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Genetically Engineered Foods (GMOs)
They are NOT Generally Recognized As Safe....



EXCELLENT video on what glyphosate and Roundup® (the poisonous herbicide used on GMO soy, GMO corn, and possibly in your backyard!) does to our bodies, brains, hormones, and even our gut bacteria!

CLINK HERE to watch Dr. Seneff's interview: Institute for Responsible Technology 


Like to learn more? Watch Genetic Roulette


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Remember tomatoes and strawberries containing fish genes and potatoes and corn with bacterial genes spliced into them? Some are registered as pesticides but not labeled for human consumption.... these foods have never been seen in nature and have not been tested for safety in humans.  Eminent scientists have outlined numerous concerns about the safety of these experimental foods including allergic reactions, production of unintentional toxins, cross-contamination with traditional food crops and wild species, etc.  

Remember the "tryptophan scare" when they pulled tryptophan off the shelves when the real problem was the GENETICALLY ENGINEERED bacteria they developed to produce the tryptophan.   The GMO bacteria also produced a nerve toxin linked to the deadly cases of EMS that occurred following consumption of the GMO tryptophan.  They SHOULD HAVE PULLED GENETIC ENGINEERING OFF THE SHELF INSTEAD.

Visit the Institute for Responsible Technologybiointegrity.org, safe-food.org or  Organic Consumers Association or GMO COMPASS for more information. PLEASE CONTACT YOUR CONGRESSIONAL REPRESENTATIVE to support labeling of genetically engineered foods here in the U.S.A. CLINK HERE to follow the Federal Labeling Bill for GMO foods.


Because these foods do not have a long history of use in the human food supply (basically being released into the U.S. food supply in 1995) and have no scientific data demonstrating that they are safe for human consumption, they do not meet the criteria for "generally recognized as safe" and are essentially on the market illegally.  Several countries have banned them.

  Please read the excerpt below from The Alliance for Biointegrity and visit their website biointegrity.org to learn about the lawsuit against the FDA for releasing these experimental foods into our food supply.


Steven M. Druker

 Executive Director

 1. Reliance on a Flawed Assumption.  As numerous eminent scientists point out, genetically engineered (GE) foods have not been demonstrated safe through standard scientific testing.  Rather, the belief they are safe to eat rests on an unfounded assumption – the assumption that producing new varieties of food-yielding organisms through recombinant DNA technology (“genetic engineering”) is inherently no more hazardous than doing so through traditional breeding.  Not only is this assumption empirically unsubstantiated, the weight of the evidence is against it.  The following paragraphs explain why.  

2. The Fallacy of Equating Gene-Splicing With Traditional Breeding.  Traditional breeding is based on sexual reproduction between like organisms. The transferred genes are similar to genes in the cell they join. They are conveyed in complete groups and in a fixed sequence that harmonizes with the sequence of genes in the partner cell.  In contrast, bioengineers isolate a gene from one type of organism and splice it haphazardly into the DNA of a dissimilar species, disrupting its natural sequence.  Further, because the transplanted gene is foreign to its new surroundings, it cannot function without a big artificial boost.  Biotechnicians achieve this unnatural boosting by taking the section of DNA that promotes gene expression in a pathogenic virus and fusing it to the gene prior to insertion.  This causes the transplanted gene to act independently of the host organism's intricate control system, as does an invading virus, in contrast to the harmonious coordination that exists among the native genes.  Consequently, not only does the foreign gene produce substances that have never been in that species -- it produces them in an essentially unregulated manner.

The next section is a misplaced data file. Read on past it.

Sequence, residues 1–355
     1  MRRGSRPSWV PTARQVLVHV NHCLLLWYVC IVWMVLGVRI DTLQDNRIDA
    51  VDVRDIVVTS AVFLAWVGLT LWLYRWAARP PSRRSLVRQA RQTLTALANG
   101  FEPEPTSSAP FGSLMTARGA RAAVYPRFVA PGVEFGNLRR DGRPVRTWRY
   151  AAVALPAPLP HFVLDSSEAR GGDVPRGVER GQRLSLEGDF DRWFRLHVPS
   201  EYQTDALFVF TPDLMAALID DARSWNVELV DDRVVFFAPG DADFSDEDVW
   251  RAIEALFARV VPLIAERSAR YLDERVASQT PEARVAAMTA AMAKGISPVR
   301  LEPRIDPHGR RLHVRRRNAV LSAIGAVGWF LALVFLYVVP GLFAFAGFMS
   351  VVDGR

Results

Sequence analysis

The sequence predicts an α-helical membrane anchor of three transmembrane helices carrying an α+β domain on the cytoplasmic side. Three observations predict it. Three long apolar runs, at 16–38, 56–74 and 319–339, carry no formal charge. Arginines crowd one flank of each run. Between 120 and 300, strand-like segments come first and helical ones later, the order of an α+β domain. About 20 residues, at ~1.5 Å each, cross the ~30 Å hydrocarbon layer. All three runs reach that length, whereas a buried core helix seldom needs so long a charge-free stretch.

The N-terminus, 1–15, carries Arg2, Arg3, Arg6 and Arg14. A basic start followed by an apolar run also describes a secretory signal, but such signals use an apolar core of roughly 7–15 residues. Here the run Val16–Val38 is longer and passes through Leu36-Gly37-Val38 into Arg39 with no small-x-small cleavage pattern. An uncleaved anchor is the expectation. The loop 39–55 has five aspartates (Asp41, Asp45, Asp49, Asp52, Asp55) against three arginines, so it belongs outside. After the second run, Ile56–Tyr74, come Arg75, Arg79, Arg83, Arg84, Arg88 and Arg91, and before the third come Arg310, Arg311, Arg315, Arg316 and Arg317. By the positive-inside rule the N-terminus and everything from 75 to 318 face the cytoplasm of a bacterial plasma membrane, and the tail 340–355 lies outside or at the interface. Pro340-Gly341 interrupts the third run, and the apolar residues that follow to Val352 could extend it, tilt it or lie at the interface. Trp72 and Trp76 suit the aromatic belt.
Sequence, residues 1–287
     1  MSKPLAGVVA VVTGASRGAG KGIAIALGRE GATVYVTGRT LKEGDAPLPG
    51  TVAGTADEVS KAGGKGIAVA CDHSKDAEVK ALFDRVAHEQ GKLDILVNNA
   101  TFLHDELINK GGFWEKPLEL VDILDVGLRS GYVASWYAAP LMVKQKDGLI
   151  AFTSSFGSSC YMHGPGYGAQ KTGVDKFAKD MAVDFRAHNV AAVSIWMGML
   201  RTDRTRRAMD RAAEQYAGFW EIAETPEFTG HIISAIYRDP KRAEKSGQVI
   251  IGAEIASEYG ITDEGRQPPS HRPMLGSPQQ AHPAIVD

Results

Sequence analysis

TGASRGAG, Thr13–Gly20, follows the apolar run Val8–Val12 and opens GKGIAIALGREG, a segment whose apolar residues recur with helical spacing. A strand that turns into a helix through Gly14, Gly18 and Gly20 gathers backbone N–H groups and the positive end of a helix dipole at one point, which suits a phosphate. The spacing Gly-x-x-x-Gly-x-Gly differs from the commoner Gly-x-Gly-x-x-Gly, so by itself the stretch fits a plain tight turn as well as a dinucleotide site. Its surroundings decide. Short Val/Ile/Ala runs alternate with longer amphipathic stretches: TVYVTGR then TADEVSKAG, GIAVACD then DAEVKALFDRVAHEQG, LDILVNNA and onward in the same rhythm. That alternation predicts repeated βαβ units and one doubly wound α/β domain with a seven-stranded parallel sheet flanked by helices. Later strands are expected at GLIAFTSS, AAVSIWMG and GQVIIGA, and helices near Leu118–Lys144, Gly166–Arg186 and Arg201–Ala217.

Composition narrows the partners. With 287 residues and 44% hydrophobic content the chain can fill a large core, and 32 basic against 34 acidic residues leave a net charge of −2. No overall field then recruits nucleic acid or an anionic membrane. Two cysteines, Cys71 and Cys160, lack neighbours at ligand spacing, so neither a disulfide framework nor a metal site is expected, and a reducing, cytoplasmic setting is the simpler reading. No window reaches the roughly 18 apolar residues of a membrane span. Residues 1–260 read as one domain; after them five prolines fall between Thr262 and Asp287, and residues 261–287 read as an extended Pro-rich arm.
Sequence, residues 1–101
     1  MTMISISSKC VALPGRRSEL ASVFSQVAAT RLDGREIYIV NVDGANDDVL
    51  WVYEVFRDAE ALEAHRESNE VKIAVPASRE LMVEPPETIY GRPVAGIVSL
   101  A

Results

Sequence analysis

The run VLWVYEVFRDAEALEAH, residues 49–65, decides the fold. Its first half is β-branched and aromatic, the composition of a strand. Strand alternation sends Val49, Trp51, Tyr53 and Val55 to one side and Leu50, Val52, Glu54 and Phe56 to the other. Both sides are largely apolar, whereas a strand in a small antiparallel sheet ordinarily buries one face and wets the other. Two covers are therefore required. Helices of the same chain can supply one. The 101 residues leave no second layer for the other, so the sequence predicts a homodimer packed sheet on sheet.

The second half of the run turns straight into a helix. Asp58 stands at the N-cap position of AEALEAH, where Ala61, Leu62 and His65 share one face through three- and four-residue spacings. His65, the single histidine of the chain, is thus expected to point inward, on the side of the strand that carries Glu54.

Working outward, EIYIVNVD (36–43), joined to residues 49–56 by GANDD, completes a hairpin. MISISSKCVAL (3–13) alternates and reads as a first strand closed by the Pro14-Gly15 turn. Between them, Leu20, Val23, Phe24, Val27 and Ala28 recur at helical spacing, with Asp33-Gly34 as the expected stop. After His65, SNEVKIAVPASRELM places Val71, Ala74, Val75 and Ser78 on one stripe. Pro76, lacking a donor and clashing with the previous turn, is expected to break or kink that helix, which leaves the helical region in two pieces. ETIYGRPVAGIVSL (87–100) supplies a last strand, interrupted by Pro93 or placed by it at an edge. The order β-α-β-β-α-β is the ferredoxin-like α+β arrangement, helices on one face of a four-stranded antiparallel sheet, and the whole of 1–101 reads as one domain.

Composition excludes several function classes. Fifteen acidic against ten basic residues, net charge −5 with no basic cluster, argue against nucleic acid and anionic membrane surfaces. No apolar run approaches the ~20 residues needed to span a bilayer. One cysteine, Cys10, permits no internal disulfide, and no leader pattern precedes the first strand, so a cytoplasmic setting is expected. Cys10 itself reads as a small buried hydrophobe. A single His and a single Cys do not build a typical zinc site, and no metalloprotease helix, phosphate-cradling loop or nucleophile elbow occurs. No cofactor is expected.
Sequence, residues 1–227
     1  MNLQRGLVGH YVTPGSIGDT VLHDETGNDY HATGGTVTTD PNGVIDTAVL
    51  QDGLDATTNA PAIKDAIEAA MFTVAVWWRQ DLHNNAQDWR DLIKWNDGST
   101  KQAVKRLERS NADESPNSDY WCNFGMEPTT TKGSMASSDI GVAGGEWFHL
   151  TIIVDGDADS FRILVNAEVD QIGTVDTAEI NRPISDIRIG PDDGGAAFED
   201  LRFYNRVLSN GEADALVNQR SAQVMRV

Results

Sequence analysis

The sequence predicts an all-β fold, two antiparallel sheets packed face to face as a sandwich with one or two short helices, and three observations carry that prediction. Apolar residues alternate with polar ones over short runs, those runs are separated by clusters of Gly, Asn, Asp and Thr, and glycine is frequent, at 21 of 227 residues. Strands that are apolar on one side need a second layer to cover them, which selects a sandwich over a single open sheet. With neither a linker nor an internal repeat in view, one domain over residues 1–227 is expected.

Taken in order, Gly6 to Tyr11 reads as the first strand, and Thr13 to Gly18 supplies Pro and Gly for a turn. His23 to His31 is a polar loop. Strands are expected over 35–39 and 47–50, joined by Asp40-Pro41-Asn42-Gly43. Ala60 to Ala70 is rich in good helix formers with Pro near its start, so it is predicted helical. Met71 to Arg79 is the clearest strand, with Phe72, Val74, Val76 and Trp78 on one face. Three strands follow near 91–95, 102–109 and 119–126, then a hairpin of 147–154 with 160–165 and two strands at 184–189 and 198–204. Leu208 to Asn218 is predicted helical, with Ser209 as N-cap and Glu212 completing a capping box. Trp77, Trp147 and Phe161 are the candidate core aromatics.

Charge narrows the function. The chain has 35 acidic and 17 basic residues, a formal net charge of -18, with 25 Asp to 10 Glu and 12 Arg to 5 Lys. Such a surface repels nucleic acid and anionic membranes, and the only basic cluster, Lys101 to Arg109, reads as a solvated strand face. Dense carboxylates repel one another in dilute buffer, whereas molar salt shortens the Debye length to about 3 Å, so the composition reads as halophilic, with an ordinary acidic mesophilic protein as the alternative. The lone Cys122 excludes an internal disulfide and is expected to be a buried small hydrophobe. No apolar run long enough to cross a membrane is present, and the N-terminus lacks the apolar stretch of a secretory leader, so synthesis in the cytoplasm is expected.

Accordingly, the director of UK’s prestigious Rowett Research Institute has stated: "The perception that everything is totally straightforward and safe is utterly naive. I don't think we fully understand the dimensions of what we're getting into."  And molecular biologist Liebe Cavalieri, a Professor at the State University of New York, says it is "simplistic, if not downright simple-minded" to claim that genetic engineering is substantially the same as traditional breeding -- and that to do so is a “sham."

3. Unprecedented Risks.  Due to its deep differences with traditional breeding, genetic engineering entails unprecedented risks to human health: (a) Because the foreign genes enter the host DNA haphazardly and disrupt the region into which they wedge, they can broadly and adversely alter cellular function.  (b) The viral boosters (called "promoters") artificially attached to the foreign genes are powerful and can induce erratic expression of native genes or activate biochemical pathways that are ordinarily inactive.  (c) The transplanted genes' continual and unregulated production of foreign substances drains energy from the organism’s vital functions, which can induce metabolic imbalances.  It can also upset complex biochemical feedback loops.